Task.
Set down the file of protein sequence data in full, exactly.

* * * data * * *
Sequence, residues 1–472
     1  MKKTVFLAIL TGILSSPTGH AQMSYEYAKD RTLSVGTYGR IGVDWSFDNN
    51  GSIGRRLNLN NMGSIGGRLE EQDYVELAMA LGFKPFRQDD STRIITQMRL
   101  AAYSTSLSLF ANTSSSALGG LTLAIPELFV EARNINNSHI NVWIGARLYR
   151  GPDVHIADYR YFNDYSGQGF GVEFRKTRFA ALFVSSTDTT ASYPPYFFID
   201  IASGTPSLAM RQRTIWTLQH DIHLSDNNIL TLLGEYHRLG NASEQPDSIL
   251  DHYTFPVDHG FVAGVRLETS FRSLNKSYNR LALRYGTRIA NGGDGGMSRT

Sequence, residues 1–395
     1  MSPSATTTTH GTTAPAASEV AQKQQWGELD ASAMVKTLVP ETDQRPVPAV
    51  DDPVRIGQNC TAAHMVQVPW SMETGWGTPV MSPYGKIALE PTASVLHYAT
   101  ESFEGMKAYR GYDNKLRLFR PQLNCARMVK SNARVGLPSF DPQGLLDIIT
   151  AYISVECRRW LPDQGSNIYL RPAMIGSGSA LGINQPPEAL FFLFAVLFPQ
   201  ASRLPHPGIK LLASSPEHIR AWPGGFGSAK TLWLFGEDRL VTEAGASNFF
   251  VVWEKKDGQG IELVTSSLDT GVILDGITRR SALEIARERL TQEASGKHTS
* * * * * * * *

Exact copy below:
Sequence, residues 1–472
     1  MKKTVFLAIL TGILSSPTGH AQMSYEYAKD RTLSVGTYGR IGVDWSFDNN
    51  GSIGRRLNLN NMGSIGGRLE EQDYVELAMA LGFKPFRQDD STRIITQMRL
   101  AAYSTSLSLF ANTSSSALGG LTLAIPELFV EARNINNSHI NVWIGARLYR
   151  GPDVHIADYR YFNDYSGQGF GVEFRKTRFA ALFVSSTDTT ASYPPYFFID
   201  IASGTPSLAM RQRTIWTLQH DIHLSDNNIL TLLGEYHRLG NASEQPDSIL
   251  DHYTFPVDHG FVAGVRLETS FRSLNKSYNR LALRYGTRIA NGGDGGMSRT

Sequence, residues 1–395
     1  MSPSATTTTH GTTAPAASEV AQKQQWGELD ASAMVKTLVP ETDQRPVPAV
    51  DDPVRIGQNC TAAHMVQVPW SMETGWGTPV MSPYGKIALE PTASVLHYAT
   101  ESFEGMKAYR GYDNKLRLFR PQLNCARMVK SNARVGLPSF DPQGLLDIIT
   151  AYISVECRRW LPDQGSNIYL RPAMIGSGSA LGINQPPEAL FFLFAVLFPQ
   201  ASRLPHPGIK LLASSPEHIR AWPGGFGSAK TLWLFGEDRL VTEAGASNFF
   251  VVWEKKDGQG IELVTSSLDT GVILDGITRR SALEIARERL TQEASGKHTS